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Monday, July 22, 2024

NSC to probe Chinese fishermen using cyanide at Masinloc shoal

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Authorities are looking into a report that Chinese fishermen were allegedly using cyanide to destroy the resource-rich Bajo de Masinloc and prevent Filipinos from fishing in the area.

National Security Council (NSC) Assistant Director General Jonathan Malaya said that while the council was “alarmed” over the Bureau of Fisheries and Aquatic Resources (BFAR) report, there was a need to validate the claims further.

The official said he requested the BFAR to complete the documentation that it has taken—including affidavits—which will then be turned over to the National Task Force on the West Philippine Sea.

“We will investigate this report,” Malaya said.

Once validated, Malaya said they would forward the report to the Department of Justice (DOJ) and the Office of the Solicitor General, which is preparing a case against China for environmental degradation.

“The challenge dito is to prove the responsibility for the coral degradation and the impact to the environment is coming from these specific people,” Malaya, quoted by ABS-CBN News, said.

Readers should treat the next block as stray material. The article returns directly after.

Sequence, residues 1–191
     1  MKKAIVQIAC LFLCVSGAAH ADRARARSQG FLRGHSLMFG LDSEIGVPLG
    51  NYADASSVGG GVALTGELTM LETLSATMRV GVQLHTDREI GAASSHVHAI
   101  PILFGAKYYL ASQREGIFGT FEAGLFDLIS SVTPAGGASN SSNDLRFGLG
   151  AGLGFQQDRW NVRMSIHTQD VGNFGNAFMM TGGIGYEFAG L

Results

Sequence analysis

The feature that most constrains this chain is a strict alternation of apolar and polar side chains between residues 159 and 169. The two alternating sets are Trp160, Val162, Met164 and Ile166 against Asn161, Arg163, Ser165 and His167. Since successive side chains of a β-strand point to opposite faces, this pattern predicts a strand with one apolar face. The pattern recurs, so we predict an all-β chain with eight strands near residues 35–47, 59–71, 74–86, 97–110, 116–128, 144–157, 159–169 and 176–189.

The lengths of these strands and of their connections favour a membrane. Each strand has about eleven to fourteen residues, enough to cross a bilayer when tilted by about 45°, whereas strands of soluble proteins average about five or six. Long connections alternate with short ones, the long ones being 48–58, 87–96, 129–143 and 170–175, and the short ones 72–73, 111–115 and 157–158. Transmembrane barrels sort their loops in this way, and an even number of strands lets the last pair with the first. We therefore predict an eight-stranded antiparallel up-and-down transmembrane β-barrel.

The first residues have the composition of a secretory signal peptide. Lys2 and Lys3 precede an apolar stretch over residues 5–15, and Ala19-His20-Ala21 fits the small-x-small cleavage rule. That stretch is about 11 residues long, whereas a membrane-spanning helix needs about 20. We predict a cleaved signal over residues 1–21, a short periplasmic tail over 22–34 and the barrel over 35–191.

BFAR Chief Information Officer Nazario Briguera recently claimed that as a signatory of the United Nations Convention on the Law of the Sea, China was committing a violation with its deliberate destruction of the Bajo de Masinloc, which “undermines the sustainability not just of our waters but of the whole world.”

The NSC meanwhile encouraged Filipino fishermen to continue fishing near Bajo de Masinloc, citing the country’s right to the area as part of its territory.

“That is Philippine territory and let’s strengthen the presence of our government through the Coast Guard, through the BFAR, and, of course, the regular patrols of the Philippine Navy to show to the whole world, especially to those causing trouble for us there,” Malaya said.

President Ferdinand Marcos Jr. recently directed concerned agencies to maintain the country’s maritime presence following provocations and aggressive behavior from Chinese vessels in the West Philippine Sea.

Following the President order’s, NSC said the increase of patrol vessels in the area.

On the possibility of China’s use of cyanide to block Filipino fishermen, Malaya said an investigation would be needed to confirm the allegations.

The BFAR reported that there were foreign vessels using cyanide to intentionally destroy the marine environment in the Scarborough Shoal, a fish-rich atoll inside the West Philippine Sea.


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